4" tickets at Kei-Mar Wines and Liquors
location code is indicated thereon by the number 09470. Although the fifty cent
wager at Kei-Mar was made on December 7, 1996 the "Win 4" ticket purchase
occurred at 20:11:16 or 8:11 p.m. The records demonstrate further that wagering
on the December 7, 1996 "Win 4" drawing was closed at 19:30:09 or 7:30 p.m.
Defendant alleges that claimant's "Win 4" ticket purchased at 8:11 p.m. on
December 7, 1996 was therefore a "Win 4" wager on the December 8, 1996 drawing
at which a number other than "6167" was the winning number. Defendant also
alleges that all of claimant's remaining tickets bearing the notation "SUN DEC
08 96" also contain the three digit number 343 which is the Julian calendar
designation for December 8, 1996 (a leap year), thus demonstrating that those
tickets were purchased on December 8, 1996. In addition, as the State's
investigator alleges, the Lottery's business records and the tickets submitted
by claimant for payment (Exhibit 4) indicate that the seventy-seven tickets
bearing the notation "SUN DEC 08 96" were purchased at one of three locations;
namely AM Grocery, 1925 Nostrand Avenue, Brooklyn, NY (location code 00011);
Yafai Deli, 1501 Flatbush Avenue, Brooklyn, NY (location code 10112); and 1494
Deli Corp., 1494 Flatbush Avenue, Brooklyn , NY (location code 12966), contrary
to the assertion in the claim that all tickets were purchased by claimant at
Kei-Mar Wines and Liquors.
Clearly the evidence offered by the defendant is sufficient to show the
defendant's prima facie entitlement to summary judgment thus shifting the burden
to claimant to come forward with evidence in admissible form to defeat the
As noted above claimant's opposition consists solely of his own affidavit in
which he repeats the allegations set forth in his claim and conclusorily alleges
without any evidentiary support that the State computer may have made some sort
of error in printing his winning tickets in the December 7, 1996 "Win 4"
drawing. Claimant has not otherwise addressed the State's evidence submitted
on this long-standing motion. Claimant's evidence is insufficient to satisfy
his burden on the motion.
The State also argues on the motion that the claim is barred by sovereign
immunity or alternatively that its liability in a case involving "Win 4" ticket
disputes is limited by the Lottery's rules and regulations set forth at 21 NYCRR
Part 2832. Claimant did not address this argument.
The Court's power in cases involving disputes with the Division of the Lottery
is limited (Ramesar v State of New York, 224 AD2d 757; Molina v Games
Mgt. Servs., 58 NY2d 523). In fact, the Court of Appeals in Molina
at 529 stated:
The limited power of the court in cases such as this is familiar law and it
remains only for us to pass upon the reasonableness of these rules. The
Legislature may establish administrative agencies to accomplish its purposes and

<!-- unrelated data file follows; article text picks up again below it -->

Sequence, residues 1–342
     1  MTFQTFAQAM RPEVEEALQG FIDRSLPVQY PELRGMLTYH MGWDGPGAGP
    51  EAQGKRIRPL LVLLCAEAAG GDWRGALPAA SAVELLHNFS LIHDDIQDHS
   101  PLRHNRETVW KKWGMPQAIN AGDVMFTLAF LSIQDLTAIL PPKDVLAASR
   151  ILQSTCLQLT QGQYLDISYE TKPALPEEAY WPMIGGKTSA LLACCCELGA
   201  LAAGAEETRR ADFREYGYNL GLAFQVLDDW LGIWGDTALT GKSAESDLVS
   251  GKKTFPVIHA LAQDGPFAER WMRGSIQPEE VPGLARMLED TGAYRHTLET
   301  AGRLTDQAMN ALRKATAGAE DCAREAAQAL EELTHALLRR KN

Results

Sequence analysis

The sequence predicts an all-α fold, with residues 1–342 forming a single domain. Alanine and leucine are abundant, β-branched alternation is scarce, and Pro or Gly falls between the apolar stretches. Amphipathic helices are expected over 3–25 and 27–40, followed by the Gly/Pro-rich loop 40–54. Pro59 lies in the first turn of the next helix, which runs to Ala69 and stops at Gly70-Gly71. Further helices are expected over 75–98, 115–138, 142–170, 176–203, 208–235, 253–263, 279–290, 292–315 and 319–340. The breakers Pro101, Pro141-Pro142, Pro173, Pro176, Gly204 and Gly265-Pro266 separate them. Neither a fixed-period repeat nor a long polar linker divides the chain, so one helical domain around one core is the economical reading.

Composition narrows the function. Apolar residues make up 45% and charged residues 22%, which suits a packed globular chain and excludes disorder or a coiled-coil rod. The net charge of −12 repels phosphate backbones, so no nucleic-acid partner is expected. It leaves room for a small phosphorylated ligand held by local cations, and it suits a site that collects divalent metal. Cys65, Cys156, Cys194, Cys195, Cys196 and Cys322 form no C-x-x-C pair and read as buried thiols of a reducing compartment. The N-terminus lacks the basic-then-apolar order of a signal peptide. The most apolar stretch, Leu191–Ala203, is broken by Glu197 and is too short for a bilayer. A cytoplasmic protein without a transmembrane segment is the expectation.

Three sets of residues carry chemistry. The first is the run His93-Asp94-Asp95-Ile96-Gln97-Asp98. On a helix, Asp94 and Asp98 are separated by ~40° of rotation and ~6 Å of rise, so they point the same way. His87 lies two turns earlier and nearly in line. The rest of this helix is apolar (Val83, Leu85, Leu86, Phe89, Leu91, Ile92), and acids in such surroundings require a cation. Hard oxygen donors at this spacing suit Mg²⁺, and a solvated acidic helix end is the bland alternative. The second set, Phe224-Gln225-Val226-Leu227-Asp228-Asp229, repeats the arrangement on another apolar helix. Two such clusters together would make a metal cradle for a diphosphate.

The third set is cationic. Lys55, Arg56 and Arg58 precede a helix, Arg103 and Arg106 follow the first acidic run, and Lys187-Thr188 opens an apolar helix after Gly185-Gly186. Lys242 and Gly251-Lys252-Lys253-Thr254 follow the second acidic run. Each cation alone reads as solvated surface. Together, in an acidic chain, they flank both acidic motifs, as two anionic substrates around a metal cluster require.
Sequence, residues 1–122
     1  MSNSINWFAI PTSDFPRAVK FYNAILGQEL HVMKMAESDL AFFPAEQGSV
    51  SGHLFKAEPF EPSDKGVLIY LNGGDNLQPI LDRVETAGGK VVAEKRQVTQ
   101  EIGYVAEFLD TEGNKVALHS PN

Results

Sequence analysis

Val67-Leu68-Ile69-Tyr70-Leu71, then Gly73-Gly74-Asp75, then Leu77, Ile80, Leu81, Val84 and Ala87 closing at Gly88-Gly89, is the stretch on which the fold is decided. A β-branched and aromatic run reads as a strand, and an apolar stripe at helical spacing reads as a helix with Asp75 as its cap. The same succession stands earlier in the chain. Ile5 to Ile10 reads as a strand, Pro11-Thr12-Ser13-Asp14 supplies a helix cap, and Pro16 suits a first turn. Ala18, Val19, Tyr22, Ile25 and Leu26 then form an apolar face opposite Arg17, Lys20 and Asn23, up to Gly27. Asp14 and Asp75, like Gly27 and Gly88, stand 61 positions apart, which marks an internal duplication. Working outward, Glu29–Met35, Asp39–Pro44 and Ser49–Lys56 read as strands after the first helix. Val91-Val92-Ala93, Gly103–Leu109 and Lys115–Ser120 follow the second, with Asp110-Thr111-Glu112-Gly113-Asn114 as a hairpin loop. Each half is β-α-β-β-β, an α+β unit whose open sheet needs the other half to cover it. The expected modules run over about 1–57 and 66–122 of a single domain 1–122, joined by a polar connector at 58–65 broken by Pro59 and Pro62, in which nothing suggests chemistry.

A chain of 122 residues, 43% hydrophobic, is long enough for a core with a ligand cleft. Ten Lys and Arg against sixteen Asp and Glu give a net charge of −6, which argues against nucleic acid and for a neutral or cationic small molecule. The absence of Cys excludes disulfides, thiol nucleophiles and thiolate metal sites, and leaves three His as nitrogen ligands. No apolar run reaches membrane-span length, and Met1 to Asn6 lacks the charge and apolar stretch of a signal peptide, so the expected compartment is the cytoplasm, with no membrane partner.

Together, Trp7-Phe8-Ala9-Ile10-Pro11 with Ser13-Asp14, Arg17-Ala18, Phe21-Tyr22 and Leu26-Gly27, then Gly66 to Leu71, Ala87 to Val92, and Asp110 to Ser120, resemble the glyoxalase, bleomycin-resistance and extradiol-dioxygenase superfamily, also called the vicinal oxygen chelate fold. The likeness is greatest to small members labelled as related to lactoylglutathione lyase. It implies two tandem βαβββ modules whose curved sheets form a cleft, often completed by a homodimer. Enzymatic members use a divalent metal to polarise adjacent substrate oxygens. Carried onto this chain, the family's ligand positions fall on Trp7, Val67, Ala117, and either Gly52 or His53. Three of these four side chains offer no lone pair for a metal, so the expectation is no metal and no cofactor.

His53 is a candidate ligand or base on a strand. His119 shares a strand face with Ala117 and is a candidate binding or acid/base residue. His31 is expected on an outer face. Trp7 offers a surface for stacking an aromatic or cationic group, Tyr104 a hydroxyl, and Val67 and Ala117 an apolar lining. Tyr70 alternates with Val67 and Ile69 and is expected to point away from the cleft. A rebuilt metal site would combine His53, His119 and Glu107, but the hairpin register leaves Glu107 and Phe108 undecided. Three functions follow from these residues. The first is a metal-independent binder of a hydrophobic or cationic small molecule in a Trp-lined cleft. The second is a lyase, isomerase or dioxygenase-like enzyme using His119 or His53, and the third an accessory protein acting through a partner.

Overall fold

such agencies may be given the power to adopt rules and regulations to advance
the purposes for which they were created. The regulations so adopted, if
reasonable, have the force and effect of law (Matter of Bernstein v Toia,
43 NY2d 437, 448; Ostrer v Schenck, 41 NY2d 782, 786). The court may not
disturb them unless they are 'so lacking in reason for [their] promulgation that
[they are] essentially arbitrary' (Matter of Marburg v Cole, 286 NY 202,
212). Because authorized gambling contracts are an exception to the general
laws, administrative rules regulating such activities are to be strictly
construed (see, Matter of Caplan v New York State Dept. of Taxation
& Fin., Div. of Lottery, 32 NY2d 134; McBride v New York City
Off-Track Betting Corp., 66 AD2d 770).
Manifestly, these rules were reasonably enacted to prevent fraud, dissipation
of funds by excessive and protracted litigation, and to insure prompt payment of
In its initial consideration of Ramesar v State of New York, 162 Misc 2d
420, the Court of Claims held that the State was insulated from liability
pursuant to the regulation governing disputes arising from ticket sales in the
State's Lotto game (21 NYCRR 2817.5) holding that the Lottery's rules and
regulations "contain provisions which so severely limit a player's remedy in the
event of disputes about winning tickets as to effectively immunize the State
from liability in that regard." Judge Benza's decision in Ramesar was
affirmed by the Appellate Division, Third Department (224 AD2d 757) and leave
to appeal to the Court of Appeals was denied (88 NY2d 811).
As relevant to the instant claim, 21 NYCRR 2832.6 provides the following
relative to "Win 4" ticket disputes:
"Disputes. In the event a dispute between the Lottery and/or the contractor and
the player occurs as to whether a ticket is a winning ticket, and if the ticket
prize is not paid, the director may, if he considers there is any doubt, replace
the entry cost of the ticket. This shall be the sole and exclusive remedy of
the player of the ticket."
As the rules and regulations of the Division of the Lottery establish the
refunding of the ticket price as the sole and exclusive remedy of the player the
State is expressly exempted from liability on disputed ticket claims such as
that asserted by the claimant herein (Molina v Games Mgt. Servs.,
supra at 529).
Accordingly, the State's motion seeking dismissal of the claim is granted,
claimant's cross-motion is denied and the claim is dismissed.
May 20, 2002
Springs, New York
HON. FRANCIS T. COLLINS
Judge of the Court of
The Court considered the following papers:
1. Notice of motion dated May 1, 2001;
Affidavit of Michael C. Rizzo sworn to May 1, 2001 with exhibits;
Affidavit of Jay Hemlock sworn to March 13, 2001 with exhibits;
Notice of Cross-Motion dated January 12, 2002;
Affidavit of Milton Gordon sworn to January 12, 2002;
Affidavit of Michael C. Rizzo sworn to January 23, 2002.
Identified by claimant as Ker-Mar Wines and